I have spent a lot of time examining my belief systems and how and if they have benefited me. I have also seriously considered how and if they have damaged me. Sadly, for the most part, I have to side with the latter.
I have strong clear memories of the many times I was instructed not to do things because it was not what other people were doing. I am not speaking about setting fire to the family dog kind of things, but rather things that were expressions of who I was and harmed no-one like wanting to wear my green pants with an orange top. The only damage those types of things caused was to my family and their desire to fit in and to appear as “normal” as possible. Success was measured by how well you could do what everyone else was doing, as long as you did it in the same way everyone else was doing it. Life was one big chorus line where, to be perfect, you danced in sync with everyone else and never, ever, drew attention to yourself. I was to be assimilated, to be part of the whole and not an individual.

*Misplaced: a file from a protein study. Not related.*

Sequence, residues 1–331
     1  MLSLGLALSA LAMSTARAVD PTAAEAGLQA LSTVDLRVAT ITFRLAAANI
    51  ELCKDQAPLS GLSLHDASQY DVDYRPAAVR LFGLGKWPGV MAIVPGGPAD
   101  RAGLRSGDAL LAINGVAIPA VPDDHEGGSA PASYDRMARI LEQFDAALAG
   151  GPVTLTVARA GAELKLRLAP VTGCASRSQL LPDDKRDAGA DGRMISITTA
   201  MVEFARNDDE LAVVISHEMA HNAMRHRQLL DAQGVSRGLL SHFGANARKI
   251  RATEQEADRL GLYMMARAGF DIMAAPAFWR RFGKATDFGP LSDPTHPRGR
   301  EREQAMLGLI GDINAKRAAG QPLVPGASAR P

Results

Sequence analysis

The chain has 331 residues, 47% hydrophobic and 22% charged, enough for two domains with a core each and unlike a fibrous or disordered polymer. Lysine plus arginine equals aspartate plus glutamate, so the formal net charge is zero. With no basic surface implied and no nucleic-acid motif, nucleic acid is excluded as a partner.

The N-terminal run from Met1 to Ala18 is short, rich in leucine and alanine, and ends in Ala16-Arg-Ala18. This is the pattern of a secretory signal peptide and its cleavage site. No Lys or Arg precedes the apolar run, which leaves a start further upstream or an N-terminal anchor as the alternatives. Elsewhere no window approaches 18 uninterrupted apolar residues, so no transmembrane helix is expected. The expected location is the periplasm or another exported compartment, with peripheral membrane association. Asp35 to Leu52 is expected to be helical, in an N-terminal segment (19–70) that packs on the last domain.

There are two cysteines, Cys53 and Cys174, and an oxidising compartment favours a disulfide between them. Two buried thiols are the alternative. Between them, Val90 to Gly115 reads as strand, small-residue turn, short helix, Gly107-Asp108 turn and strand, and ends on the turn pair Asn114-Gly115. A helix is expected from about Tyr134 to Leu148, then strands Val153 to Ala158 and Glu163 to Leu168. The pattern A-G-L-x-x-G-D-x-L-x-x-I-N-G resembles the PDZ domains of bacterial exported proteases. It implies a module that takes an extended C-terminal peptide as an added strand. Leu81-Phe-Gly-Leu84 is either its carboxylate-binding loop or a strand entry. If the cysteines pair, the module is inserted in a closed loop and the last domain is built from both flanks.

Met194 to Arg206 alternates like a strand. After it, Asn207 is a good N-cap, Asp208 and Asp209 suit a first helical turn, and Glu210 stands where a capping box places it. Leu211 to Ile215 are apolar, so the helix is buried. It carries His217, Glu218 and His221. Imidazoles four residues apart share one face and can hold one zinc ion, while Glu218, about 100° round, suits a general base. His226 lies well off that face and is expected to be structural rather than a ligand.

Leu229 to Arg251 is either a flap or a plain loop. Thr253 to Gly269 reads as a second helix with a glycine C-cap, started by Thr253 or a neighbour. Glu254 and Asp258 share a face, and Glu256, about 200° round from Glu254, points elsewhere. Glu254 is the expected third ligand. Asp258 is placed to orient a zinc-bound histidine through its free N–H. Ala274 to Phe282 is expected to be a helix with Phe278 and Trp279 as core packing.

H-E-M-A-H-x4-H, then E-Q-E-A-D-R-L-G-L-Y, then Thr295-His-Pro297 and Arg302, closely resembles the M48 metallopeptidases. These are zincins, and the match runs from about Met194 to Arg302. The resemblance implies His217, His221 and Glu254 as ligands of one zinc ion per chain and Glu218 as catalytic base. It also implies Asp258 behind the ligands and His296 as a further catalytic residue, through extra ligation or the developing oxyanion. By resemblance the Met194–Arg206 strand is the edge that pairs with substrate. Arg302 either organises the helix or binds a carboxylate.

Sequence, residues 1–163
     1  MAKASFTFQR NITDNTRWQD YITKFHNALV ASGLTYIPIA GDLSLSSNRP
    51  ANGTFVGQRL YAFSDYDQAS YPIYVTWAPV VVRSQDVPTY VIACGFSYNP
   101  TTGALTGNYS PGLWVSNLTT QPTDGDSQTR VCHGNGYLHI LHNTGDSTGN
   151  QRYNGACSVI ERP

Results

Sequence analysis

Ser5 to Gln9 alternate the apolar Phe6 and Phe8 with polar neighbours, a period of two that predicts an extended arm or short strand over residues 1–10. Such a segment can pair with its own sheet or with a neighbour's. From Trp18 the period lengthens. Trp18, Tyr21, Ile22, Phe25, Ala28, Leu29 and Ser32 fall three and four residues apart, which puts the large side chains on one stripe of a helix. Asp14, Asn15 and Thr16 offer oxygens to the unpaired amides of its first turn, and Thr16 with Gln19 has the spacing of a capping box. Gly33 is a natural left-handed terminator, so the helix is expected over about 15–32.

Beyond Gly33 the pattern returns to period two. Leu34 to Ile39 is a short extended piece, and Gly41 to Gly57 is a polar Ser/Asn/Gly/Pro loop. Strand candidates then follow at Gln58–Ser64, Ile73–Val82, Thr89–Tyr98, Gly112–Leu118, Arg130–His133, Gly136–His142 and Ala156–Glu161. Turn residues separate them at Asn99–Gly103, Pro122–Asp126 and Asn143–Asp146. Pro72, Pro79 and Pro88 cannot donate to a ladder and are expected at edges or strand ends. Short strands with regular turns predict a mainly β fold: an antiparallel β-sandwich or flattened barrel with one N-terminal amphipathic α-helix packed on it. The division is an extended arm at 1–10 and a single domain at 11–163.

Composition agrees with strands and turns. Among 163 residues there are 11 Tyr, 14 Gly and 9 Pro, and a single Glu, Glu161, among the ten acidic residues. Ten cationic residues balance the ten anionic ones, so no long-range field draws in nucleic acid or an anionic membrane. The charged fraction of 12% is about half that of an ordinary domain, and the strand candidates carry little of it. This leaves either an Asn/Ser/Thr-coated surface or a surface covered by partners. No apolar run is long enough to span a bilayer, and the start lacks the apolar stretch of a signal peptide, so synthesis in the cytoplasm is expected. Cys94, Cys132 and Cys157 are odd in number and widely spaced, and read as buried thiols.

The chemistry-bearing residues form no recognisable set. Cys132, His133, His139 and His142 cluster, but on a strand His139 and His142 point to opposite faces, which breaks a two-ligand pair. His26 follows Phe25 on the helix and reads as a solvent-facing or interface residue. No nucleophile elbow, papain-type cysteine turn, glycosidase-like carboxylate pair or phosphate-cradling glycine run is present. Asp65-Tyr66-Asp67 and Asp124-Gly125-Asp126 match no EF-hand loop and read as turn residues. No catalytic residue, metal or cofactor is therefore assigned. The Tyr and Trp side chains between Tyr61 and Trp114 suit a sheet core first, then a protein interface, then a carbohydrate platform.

This, they assured me, was the path to true happiness.
It wasn’t. It never was and never will be.
The problem with trying to fit in and not being yourself is that you end up with people in your life who can and will destroy you. If I had just been myself there would not have been any ambiguity regarding our compatibility. Those people would have walked a wide circle around me and I would have been better off for it. Instead of spending so much time in complete pain, destroyed by the many unkindnesses from people who were never going to understand me, I might have found people who were actually capable of loving “me.”
Not because those people are bad people, or I am some precious snowflake, but because we both deserved the kind of love and friendship that actually was intended for our lives. Instead, we were all forced into a game of engaging one another simply because we paid the admittance price and once paid, everyone gets a ride. Continue reading